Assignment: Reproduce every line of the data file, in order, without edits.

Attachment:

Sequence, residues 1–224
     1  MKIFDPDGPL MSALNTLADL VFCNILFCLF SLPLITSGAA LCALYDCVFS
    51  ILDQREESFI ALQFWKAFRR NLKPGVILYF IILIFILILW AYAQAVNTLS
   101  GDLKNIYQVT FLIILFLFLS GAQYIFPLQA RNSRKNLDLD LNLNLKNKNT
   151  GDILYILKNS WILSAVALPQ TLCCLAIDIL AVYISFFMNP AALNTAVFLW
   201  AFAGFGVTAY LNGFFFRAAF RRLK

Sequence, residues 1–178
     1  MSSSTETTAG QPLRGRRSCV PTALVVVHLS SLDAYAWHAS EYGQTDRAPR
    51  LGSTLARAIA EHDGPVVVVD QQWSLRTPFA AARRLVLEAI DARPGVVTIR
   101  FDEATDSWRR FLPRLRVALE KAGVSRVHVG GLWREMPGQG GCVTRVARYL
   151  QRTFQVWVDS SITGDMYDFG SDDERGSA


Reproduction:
Sequence, residues 1–224
     1  MKIFDPDGPL MSALNTLADL VFCNILFCLF SLPLITSGAA LCALYDCVFS
    51  ILDQREESFI ALQFWKAFRR NLKPGVILYF IILIFILILW AYAQAVNTLS
   101  GDLKNIYQVT FLIILFLFLS GAQYIFPLQA RNSRKNLDLD LNLNLKNKNT
   151  GDILYILKNS WILSAVALPQ TLCCLAIDIL AVYISFFMNP AALNTAVFLW
   201  AFAGFGVTAY LNGFFFRAAF RRLK

Sequence, residues 1–178
     1  MSSSTETTAG QPLRGRRSCV PTALVVVHLS SLDAYAWHAS EYGQTDRAPR
    51  LGSTLARAIA EHDGPVVVVD QQWSLRTPFA AARRLVLEAI DARPGVVTIR
   101  FDEATDSWRR FLPRLRVALE KAGVSRVHVG GLWREMPGQG GCVTRVARYL
   151  QRTFQVWVDS SITGDMYDFG SDDERGSA